A man combs the pages of his monthly cooking magazine for appealing recipes. After making a selection he goes to a very good grocer (for money is not an issue for our aspiring chef) and hand picks his ingredients: Sinewy stalks of deep green broccoli rabe, lush handfuls of amber brown grains, a lean cut of meat with just a hint of gleaming white fat-- he is, after all, entertaining. His friend joins him for a glass of carefully selected wine as he precisely measures out the oils for his vinaigrette, gently grills the meat and plates their meal. Each person has a colorful, balanced plate of a minute piece of meat, three broccoli rabe stalks and a small spoonful of rice. They sit together and the chef inhales every bite of his food, exclaims that he is very full and pushes away from the table. His companion eats his way through his plate, and though his stomach is still gnawing at itself, does not ask for, nor is he offered, an additional portion. They enjoy each other's company, sipping down the bottle of wine, late into the evening, when the guest excuses himself, heads home and eats a second dinner.
Compare that scene with a passage from M.F.K Fisher's The Gastronomical Me:
"In a Hollywood 'bachelor' with a pull-down bed, or on a plane pointed any which way, or even in my own hollow house with death at my shoulder, I can protect myself with that same gastronomic liberty, and eat quietly, calmly, and with a special dignity."
What strikes me from these two scenes is that for Fisher feeding oneself and doing it well is a source of dignity, pride and a means by which to locate and claim herself. It is an affirmation of her individual, unique, valuable selfhood and a refusal to be ashamed of nourishing that self (in this case with food, though at other times it is with literature, love, or travel). She eats and drinks with a calm, quiet voluptuousness -- without shame and without hiding behind a PDA or magazine. (While I too have "mastered" and even enjoy eating alone in public (and in private for that matter) I almost always have a book, magazine or laptop to keep me company. I have not yet learned to eat in front of others without shame.)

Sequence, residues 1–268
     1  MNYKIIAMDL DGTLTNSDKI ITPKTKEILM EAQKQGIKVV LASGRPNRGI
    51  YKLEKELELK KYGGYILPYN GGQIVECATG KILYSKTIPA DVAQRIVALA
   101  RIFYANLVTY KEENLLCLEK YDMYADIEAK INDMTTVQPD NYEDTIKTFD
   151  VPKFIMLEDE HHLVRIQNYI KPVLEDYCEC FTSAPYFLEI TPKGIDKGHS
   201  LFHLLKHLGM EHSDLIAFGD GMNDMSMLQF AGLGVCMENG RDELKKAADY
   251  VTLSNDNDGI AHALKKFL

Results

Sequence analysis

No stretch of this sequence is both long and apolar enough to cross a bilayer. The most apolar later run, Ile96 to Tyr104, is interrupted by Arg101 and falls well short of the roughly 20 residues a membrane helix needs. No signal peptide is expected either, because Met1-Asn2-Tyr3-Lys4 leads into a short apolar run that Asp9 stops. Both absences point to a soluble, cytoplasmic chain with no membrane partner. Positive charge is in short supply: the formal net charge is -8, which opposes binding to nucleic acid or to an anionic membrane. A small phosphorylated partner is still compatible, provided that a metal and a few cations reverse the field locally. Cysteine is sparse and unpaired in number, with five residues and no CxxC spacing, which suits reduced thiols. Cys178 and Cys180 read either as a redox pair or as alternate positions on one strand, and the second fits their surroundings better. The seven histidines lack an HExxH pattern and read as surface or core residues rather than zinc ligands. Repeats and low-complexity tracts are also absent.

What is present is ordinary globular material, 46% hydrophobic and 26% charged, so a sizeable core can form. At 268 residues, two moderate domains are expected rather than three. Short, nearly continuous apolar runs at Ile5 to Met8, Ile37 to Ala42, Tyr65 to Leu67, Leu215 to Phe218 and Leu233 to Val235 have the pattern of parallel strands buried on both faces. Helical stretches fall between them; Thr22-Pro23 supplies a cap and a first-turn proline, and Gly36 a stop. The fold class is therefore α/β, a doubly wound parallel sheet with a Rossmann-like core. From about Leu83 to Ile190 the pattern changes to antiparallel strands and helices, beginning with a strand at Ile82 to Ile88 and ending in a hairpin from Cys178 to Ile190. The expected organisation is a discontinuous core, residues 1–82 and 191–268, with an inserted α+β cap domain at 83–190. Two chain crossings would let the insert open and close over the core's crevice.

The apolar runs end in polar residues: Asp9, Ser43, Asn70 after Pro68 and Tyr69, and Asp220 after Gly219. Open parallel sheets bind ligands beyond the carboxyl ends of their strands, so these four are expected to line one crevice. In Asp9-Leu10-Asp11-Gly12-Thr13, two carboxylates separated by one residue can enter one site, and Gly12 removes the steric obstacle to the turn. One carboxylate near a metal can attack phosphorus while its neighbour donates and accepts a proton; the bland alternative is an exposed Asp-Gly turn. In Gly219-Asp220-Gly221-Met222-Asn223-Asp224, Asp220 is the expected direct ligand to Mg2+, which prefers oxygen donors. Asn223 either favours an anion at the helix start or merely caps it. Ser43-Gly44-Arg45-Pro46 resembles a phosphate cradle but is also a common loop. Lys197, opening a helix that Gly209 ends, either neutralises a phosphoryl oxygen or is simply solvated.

For our aspiring chef, though food is fascinating, beautiful and he is proud of his ability to purchase and prepare expensive ingredients, the enjoyment of food eludes him. Food is other, alien, dangerous and he feels shame in desiring it (just as he feels shame in many of his desires, whether they are for food, for love, or for the pursuit of activities that he enjoys just because he enjoys them).
It is my contention that our contemporary Western social values normalize and valorize the latter experience and condemn the former. This condemnation arrives in subtle ways, from the inferior level of service many solo diners experience to the altering definition of words (i.e. voluptuous is not a synonym for fat; voluptuous is 'characterized by the giving of unrestrained pleasure to the senses'